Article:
Introverts Can Be Extroverted, Sometimes: Susan Cain Interviews Gretchen Rubin
Susan Cain’s bestselling book, Quiet: The Power of Introverts in a World That Can't Stop Talking, sparked a national conversation about social interaction, and drew attention to the intrinsic talents of introverts. In a recent interview, the introvert speaker talked to Gretchen Rubin—the bestselling author and happiness expert—about some of the themes from Quiet.
When Cain asked Rubin if she defined herself as an introvert or an extrovert, the author replied that she has a hard time deciding. She exhibits characteristics of both, she said, and enjoys the hustle and bustle of a loud party as much as being “surround[ed] by the quiet, industrious company of other people.”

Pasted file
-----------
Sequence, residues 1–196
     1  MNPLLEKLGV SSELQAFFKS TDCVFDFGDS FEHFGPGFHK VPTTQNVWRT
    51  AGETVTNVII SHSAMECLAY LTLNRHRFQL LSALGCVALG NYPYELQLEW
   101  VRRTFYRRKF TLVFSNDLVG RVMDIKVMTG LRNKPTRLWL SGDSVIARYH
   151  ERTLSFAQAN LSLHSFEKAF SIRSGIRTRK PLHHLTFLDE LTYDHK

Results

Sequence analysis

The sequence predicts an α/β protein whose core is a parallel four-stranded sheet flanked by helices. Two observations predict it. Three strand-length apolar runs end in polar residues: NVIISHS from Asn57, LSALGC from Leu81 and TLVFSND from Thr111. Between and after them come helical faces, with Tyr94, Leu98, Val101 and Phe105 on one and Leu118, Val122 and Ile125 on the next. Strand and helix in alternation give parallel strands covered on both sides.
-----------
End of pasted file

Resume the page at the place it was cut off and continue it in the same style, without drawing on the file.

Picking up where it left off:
It is this characteristic, the enjoyment that comes from working ambitiously on her own, that Cain argues is undervalued in today's society, both in her book and her popular keynotes. However, Cain also reminds us that not everyone is fully extroverted or fully introverted—most people lie somewhere between the two. In the interview, Rubin mentions a New York Times article Cain wrote about feeling uneasiness and anxiety toward presenting her TED Talk. Despite her natural aversion to being the center of attention, Cain forged ahead and delivered an impressive speech, which now sits at almost three million views. While she normally displays a (mostly) mild-mannered and introverted demeanor, Cain, and other introverts alike, can sometimes step out of their shell and put themselves in the spotlight.